Benefits

Now let's look at the good news, the benefits.

1. Increased sales, as a direct result of improved customer service. For some companies, the goal may be to retain sales lost to aggressive competition. In any case, the improved reliability of the total system means that sales are no longer lost due to internal clumsiness. ERP has enabled many companies to:

  • Ship on time virtually all the time.
  • Ship in less time than the competition.
  • Have their sales force spend their time selling, rather than expediting shipments and making excuses to customers over missed shipments.

In short, ERP can represent a significant competitive weapon. Surveys of ERP-using companiesi have verified improved customer service gains of 15 percent for all respondents; 26 percent for the companies who identified themselves as Class A. For most companies, better customer service means more sales.

2. Increased direct labor productivity, resulting from the valid, attainable schedules which ERP can enable companies to have. Productivity is increased via:

  • Providing matched sets of components to the assembly areas, thereby eliminating much of the inefficiency and idle time often present.
  • Reducing sharply the amount of expediting, lot splitting, emergency changeovers, short runs, and so forth in the fabrication areas.
  • Requiring much less unplanned overtime, because the forward visibility is so much better.

Survey results show respondents reporting an average productivity gain of 11 percent; the Class A users got 20 percent. Think of the value to the bottom line of that kind of productivity gain!

3. Reduced purchase cost. ERP provides the tools to give suppliers valid schedules and better forward visibility. Once the customer company gets out of the order-launch-and-expedite mode, its suppliers can produce the customer's items more efficiently, at lower cost. A portion of these savings can be passed back to the buying company to be used either for increased profits or reduced product pricing which can mean increased sales and profits.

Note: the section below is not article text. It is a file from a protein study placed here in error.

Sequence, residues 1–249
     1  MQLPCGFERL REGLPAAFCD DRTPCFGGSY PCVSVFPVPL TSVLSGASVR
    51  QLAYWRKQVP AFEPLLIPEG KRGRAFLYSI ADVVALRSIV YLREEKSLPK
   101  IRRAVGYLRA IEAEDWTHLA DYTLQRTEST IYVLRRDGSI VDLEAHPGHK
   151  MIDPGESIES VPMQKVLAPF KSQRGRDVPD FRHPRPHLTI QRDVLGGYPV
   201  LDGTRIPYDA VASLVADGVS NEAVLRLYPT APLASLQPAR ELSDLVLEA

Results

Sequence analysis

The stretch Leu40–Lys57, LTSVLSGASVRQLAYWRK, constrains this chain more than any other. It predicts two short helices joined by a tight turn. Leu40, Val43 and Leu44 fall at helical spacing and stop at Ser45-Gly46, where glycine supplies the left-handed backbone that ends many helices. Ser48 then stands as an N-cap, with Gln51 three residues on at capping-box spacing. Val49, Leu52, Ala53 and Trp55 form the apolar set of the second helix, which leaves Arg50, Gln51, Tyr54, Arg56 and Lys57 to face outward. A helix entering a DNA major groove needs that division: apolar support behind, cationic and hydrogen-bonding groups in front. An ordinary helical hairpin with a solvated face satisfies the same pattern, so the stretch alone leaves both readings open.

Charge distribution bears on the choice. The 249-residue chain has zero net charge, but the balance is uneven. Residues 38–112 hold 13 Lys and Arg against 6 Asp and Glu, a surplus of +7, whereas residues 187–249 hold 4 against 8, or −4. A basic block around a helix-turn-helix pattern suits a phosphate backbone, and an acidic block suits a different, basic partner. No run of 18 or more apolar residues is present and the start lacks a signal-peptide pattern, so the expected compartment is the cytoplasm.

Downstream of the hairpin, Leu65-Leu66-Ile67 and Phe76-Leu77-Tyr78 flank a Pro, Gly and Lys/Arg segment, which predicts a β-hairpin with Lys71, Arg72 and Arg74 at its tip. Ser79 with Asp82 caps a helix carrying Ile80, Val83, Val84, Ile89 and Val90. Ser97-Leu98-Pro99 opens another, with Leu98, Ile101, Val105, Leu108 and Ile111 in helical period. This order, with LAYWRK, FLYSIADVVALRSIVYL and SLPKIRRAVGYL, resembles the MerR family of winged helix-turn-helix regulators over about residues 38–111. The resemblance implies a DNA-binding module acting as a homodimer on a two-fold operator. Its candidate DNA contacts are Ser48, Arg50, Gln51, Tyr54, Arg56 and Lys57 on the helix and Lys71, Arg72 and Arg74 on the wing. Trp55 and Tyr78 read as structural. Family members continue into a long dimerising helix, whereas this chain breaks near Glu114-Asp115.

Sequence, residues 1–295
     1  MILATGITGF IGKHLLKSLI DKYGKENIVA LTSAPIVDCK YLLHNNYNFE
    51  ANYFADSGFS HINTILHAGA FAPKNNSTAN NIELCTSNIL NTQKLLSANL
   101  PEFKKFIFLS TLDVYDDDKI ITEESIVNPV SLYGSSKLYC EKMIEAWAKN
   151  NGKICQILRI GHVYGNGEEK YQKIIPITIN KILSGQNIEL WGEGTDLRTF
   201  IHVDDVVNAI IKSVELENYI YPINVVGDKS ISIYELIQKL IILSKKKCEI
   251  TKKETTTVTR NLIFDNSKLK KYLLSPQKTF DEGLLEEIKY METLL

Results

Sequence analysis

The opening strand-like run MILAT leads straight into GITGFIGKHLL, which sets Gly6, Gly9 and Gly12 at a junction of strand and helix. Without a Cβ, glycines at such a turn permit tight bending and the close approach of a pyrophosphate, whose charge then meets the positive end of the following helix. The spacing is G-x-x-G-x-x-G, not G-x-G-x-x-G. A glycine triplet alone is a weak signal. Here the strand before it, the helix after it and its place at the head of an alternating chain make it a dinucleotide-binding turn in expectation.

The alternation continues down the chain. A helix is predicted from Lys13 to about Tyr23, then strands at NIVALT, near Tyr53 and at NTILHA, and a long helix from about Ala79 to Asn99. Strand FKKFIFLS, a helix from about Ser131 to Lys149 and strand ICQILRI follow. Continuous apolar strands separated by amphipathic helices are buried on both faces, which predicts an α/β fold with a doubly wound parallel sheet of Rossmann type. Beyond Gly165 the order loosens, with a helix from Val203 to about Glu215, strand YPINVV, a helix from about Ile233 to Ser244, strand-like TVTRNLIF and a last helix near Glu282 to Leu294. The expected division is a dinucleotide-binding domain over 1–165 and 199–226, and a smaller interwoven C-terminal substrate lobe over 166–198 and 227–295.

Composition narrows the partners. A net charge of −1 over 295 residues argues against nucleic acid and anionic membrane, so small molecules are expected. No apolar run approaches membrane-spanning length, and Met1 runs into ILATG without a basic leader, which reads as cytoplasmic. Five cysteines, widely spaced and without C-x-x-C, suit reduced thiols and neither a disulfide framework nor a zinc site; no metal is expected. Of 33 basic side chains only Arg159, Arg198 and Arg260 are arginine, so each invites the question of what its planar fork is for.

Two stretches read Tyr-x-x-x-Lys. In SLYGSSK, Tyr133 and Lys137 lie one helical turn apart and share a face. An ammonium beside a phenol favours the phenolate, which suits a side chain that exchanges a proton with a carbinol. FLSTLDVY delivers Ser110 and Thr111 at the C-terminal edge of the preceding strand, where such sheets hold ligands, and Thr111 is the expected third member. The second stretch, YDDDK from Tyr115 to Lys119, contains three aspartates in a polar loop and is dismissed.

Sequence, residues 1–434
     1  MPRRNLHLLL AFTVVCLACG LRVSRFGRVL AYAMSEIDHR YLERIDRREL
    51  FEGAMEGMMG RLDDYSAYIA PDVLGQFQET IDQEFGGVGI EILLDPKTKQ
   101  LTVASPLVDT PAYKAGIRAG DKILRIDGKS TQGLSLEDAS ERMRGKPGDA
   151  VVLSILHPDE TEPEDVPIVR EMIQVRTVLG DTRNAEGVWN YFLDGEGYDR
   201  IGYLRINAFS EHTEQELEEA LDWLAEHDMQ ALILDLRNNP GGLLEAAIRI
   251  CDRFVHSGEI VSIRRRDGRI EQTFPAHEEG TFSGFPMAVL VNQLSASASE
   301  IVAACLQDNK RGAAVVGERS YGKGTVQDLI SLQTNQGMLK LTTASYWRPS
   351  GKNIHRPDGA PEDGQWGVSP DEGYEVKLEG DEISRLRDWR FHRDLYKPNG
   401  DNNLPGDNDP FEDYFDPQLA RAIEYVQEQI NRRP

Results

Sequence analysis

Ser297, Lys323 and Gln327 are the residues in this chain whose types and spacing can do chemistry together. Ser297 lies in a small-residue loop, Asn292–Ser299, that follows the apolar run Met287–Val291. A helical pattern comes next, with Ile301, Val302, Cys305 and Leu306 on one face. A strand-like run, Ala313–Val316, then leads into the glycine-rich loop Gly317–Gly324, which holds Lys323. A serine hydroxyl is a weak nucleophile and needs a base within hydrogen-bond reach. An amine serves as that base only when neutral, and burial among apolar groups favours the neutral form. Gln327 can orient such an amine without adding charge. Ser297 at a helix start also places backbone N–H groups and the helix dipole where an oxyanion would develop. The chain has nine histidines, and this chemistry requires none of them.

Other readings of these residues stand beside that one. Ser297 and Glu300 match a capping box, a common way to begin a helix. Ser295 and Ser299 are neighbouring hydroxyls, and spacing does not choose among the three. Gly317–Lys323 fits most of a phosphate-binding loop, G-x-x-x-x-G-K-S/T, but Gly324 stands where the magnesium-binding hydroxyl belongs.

Further, valid schedules can free the buyers from a life of expediting and paper shuffling, so that they can do the important parts of their jobs (sourcing, negotiation, contracting, value analysis, cost reduction, etc.). Therefore, these savings don't come solely from lower prices but rather from reducing total purchase costs. Survey results: Companies report an average reduction in total purchased costs of 7 percent; the Class A companies got 13 percent. In many companies, the single largest financial benefit from ERP comes from purchase cost reduction.

4. Reduced inventories. Effective demand management, planning, and scheduling result in valid schedules.Valid schedules mean matched sets of components, which means making the products on schedule and shipping them on time. This typically results in lower inventories at all, or at least most, levels—raw material, work-inprocess, finished goods.

For most companies, the four benefit areas identified above are the big ones. However, there are other benefits that are potentially very significant and should not be overlooked. They include:

5. Reduced obsolescence, from an enhanced ability to manage engineering changes, better forward visibility, and an overall smaller risk of obsolescence due to lower inventories in general. This is often a hidden cost at most companies and no one likes to focus on the stuff that is sold at discount or thrown away. However, it can be very large and certainly requires attention.

6. Reduced quality costs. Valid schedules can result in a more stable environment, which can mean less scrap. Eliminating the endof- the month lump, where perhaps 75 percent of the shipments go out in the last 25 percent of the month, can lead to reduced warranty costs.

7. Reduced premium freight, both inbound, by having a better handle on what's needed, and outbound, by being able to ship on time. Many companies are delighted when they can air express a shipment to fulfill a customer order without thinking about the money that they could have saved with an on-time land shipment.